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Terrorist Organizations and Other Groups of Concern

Lashkar-e Tayyiba (LeT)

Updated June 30, 2010

To read the Investigative Project on Terrorism's report on Lashkar-e Tayyiba, click here.

From: "Chapter 8; Foreign Terrorist Organizations," Country Reports on Terrorism 2005, US Department of State, April 30, 2006.

a.k.a. Al Mansooreen;
Al Mansoorian;
Army of the Pure;
Army of the Pure and Righteous;
Army of the Righteous;
Jamaat ud-Dawa and Al Monsooreen;
Lashkar e-Toiba;
Lashkar-i-Taiba;
Paasban-e-Ahle-Hadis;
Paasban-e-Kashmir;
Paasban-i-Ahle-Hadith;
Pasban-e-Ahle-Hadith;
Pasban-e-Kashmir

Description LT began as the militant wing of the Islamic extremist organization Markaz Dawa ul-Irshad (MDI), which was formed in the mid-1980s. MDI changed its name to Jamaat ul-Dawa (JUD) in 2001, probably in an effort to avoid Government of Pakistan restrictions. The U.S. State Department designated Lashkar e-Tayyiba a foreign terrorist organization (FTO) in 2001, and Pakistan's President Pervez Musharraf banned LT in 2002. The United Nations designated LT as an FTO in 2005. LT is led by Hafiz Muhammad Saeed and is one of the three largest and best-trained groups fighting in Kashmir against India. It is not connected to any political party. The Pakistani Government banned the group and froze its assets in January 2002. Elements of LT and Jaish-e-Muhammed combined with other groups to mount attacks as "The Save Kashmir Movement."

Activities The LT has conducted a number of operations against Indian troops and civilian targets in Jammu and Kashmir since 1993. The LT claimed responsibility for numerous attacks in 2001, including an attack in January on Srinagar airport that killed five Indians; an attack on a police station in Srinagar that killed at least eight officers and wounded several others; and an attack in April against Indian border security forces that left at least four dead. The Indian Government publicly implicated the LT, along with JEM, for the attack in December 2001 on the Indian Parliament building, although concrete evidence is lacking. The LT is also suspected of involvement in the attack in May 2002 on an Indian Army base in Kaluchak that left 36 dead. India blames the LT for an attack in New Delhi in October 2005 and an attack in Bangalore in December 2005. Senior al-Qaida lieutenant Abu Zubaydah was captured at an LT safe house in Faisalabad in March 2002, suggesting that some members were facilitating the movement of al-Qaida members in Pakistan.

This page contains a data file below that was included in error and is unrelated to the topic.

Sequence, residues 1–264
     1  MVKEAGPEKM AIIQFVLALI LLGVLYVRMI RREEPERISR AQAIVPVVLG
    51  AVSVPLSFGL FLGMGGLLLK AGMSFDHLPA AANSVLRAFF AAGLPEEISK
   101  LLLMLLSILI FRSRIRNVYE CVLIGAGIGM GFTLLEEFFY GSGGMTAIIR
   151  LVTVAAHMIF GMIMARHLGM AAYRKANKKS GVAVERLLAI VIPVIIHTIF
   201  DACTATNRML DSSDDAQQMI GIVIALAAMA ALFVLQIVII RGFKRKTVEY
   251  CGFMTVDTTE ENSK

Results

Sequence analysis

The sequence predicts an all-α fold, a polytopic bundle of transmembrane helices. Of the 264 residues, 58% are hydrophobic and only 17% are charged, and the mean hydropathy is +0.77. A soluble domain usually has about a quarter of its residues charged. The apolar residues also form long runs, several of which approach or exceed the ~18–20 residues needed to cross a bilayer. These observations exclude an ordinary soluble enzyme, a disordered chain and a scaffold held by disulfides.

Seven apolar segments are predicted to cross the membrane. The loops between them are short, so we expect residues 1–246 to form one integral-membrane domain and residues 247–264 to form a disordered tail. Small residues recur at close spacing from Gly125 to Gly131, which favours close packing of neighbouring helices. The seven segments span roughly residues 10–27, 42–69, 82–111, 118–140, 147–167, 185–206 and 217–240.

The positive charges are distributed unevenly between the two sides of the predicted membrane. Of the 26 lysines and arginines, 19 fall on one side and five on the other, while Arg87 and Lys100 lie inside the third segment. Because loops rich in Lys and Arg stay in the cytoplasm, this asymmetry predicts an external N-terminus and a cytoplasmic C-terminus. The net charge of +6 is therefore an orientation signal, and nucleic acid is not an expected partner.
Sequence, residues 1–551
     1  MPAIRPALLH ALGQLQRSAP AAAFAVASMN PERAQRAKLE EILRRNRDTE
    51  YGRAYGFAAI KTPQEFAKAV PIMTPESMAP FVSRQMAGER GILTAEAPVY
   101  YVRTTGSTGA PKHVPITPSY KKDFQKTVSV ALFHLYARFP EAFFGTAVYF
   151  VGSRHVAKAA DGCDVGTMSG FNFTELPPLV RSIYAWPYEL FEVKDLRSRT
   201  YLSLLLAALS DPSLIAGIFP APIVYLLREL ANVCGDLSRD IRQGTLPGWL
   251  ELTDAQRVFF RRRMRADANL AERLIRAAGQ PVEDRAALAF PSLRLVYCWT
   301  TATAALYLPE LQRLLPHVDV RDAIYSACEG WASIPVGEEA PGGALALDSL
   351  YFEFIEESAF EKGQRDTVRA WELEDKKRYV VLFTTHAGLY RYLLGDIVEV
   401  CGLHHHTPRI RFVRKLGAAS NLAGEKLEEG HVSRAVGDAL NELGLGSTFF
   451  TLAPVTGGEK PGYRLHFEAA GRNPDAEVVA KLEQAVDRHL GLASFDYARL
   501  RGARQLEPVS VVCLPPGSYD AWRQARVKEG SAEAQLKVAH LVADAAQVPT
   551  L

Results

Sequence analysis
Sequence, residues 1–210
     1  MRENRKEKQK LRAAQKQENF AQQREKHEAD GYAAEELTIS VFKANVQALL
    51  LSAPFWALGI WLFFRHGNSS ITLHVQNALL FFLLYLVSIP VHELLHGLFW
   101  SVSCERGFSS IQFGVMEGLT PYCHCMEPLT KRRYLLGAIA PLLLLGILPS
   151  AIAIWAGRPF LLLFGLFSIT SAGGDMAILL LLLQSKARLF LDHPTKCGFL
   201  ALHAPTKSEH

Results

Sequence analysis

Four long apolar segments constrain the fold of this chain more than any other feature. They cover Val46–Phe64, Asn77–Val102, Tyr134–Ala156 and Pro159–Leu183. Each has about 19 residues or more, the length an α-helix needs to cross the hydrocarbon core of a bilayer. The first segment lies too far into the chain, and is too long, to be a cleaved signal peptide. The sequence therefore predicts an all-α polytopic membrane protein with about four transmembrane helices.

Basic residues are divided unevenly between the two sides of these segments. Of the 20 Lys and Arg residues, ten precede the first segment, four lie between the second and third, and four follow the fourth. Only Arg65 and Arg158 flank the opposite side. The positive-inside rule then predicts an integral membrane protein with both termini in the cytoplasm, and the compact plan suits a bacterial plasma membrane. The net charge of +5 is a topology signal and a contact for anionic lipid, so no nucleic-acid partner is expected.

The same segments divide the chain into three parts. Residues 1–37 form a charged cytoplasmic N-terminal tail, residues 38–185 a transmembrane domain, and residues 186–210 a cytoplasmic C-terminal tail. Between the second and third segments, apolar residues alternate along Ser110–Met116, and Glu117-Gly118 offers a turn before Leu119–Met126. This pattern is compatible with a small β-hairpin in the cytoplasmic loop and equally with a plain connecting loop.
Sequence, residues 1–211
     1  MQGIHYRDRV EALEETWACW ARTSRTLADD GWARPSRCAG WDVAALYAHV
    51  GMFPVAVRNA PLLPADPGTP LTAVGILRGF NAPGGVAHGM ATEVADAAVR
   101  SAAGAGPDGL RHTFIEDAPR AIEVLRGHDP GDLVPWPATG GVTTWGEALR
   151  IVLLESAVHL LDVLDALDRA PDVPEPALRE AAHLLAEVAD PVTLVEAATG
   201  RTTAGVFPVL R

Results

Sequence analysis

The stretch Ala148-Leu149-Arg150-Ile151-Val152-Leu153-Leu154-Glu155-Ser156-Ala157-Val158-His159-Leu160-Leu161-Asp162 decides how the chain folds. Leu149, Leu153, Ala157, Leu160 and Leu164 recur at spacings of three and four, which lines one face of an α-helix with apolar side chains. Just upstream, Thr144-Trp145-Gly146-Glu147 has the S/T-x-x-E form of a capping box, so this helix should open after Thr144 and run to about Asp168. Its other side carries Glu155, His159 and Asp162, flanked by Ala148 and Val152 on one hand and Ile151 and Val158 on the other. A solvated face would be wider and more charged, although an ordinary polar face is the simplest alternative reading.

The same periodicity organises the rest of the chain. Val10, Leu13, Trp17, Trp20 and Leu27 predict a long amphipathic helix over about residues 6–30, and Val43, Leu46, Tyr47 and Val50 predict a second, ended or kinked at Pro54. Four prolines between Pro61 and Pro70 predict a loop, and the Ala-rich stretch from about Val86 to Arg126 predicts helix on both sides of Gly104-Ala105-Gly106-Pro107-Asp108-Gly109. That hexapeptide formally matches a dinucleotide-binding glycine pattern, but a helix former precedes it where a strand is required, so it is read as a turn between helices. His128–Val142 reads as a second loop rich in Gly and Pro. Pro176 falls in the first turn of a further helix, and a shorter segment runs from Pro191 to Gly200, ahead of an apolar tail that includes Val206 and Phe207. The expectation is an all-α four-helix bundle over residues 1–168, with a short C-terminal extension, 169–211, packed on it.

Strength The LT has several thousand members in Azad Kashmir, Pakistan, in the southern Jammu and Kashmir and Doda regions, and in the Kashmir valley. Almost all LT members are Pakistanis from madrassas across Pakistan or Afghan veterans of the Afghan wars. The group uses assault rifles, light and heavy machine guns, mortars, explosives, and rocket-propelled grenades.

Location/Area of Operation Based in Muridke (near Lahore) and Muzaffarabad.

External Aid Collects donations from the Pakistani community in the Persian Gulf and United Kingdom, Islamic NGOs, and Pakistani and other Kashmiri business people. The LT also maintains a Web site under the name Jamaat ud-Daawa through which it solicits funds and provides information on the group's activities. The amount of LT funding is unknown. The LT maintains ties to religious/militant groups around the world, ranging from the Philippines to the Middle East and Chechnya, through the fraternal network of its parent organization Jamaat ud-Dawa (formerly Markaz Dawa ul-Irshad).